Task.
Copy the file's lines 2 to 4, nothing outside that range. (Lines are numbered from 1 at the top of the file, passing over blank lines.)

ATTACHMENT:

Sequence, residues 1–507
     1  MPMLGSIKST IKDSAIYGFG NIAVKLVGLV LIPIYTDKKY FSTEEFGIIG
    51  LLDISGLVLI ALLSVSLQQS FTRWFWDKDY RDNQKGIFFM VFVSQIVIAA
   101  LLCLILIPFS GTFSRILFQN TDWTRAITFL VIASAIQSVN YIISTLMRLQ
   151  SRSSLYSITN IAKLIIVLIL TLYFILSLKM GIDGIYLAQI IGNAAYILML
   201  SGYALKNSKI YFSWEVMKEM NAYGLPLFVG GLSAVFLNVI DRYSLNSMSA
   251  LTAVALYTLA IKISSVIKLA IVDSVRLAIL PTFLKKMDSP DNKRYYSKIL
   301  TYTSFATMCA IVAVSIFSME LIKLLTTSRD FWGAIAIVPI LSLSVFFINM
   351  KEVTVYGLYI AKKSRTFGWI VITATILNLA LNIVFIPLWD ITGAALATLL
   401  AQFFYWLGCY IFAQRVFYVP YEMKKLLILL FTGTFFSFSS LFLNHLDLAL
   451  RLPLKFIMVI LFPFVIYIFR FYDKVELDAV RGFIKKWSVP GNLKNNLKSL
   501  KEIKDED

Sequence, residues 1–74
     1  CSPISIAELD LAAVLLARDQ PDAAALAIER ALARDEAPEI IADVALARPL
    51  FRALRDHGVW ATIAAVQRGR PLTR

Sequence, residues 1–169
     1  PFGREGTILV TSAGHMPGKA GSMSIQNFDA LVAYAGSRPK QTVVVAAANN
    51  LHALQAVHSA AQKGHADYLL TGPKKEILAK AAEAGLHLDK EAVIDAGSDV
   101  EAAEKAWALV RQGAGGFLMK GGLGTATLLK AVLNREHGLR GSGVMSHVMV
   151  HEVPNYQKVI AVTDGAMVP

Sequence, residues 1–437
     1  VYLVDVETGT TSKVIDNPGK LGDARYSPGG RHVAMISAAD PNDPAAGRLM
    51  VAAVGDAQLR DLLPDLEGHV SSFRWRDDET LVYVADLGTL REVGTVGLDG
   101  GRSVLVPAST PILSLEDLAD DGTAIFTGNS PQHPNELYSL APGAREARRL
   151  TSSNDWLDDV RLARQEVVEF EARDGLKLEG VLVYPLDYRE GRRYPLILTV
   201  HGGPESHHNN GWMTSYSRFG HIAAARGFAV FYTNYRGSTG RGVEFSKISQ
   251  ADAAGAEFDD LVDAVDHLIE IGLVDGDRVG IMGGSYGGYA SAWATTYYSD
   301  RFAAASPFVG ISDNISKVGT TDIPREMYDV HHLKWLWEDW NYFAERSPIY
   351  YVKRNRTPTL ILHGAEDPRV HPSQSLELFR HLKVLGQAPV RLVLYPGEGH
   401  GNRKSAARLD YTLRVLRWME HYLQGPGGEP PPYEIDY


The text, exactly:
     1  MPMLGSIKST IKDSAIYGFG NIAVKLVGLV LIPIYTDKKY FSTEEFGIIG
    51  LLDISGLVLI ALLSVSLQQS FTRWFWDKDY RDNQKGIFFM VFVSQIVIAA
   101  LLCLILIPFS GTFSRILFQN TDWTRAITFL VIASAIQSVN YIISTLMRLQ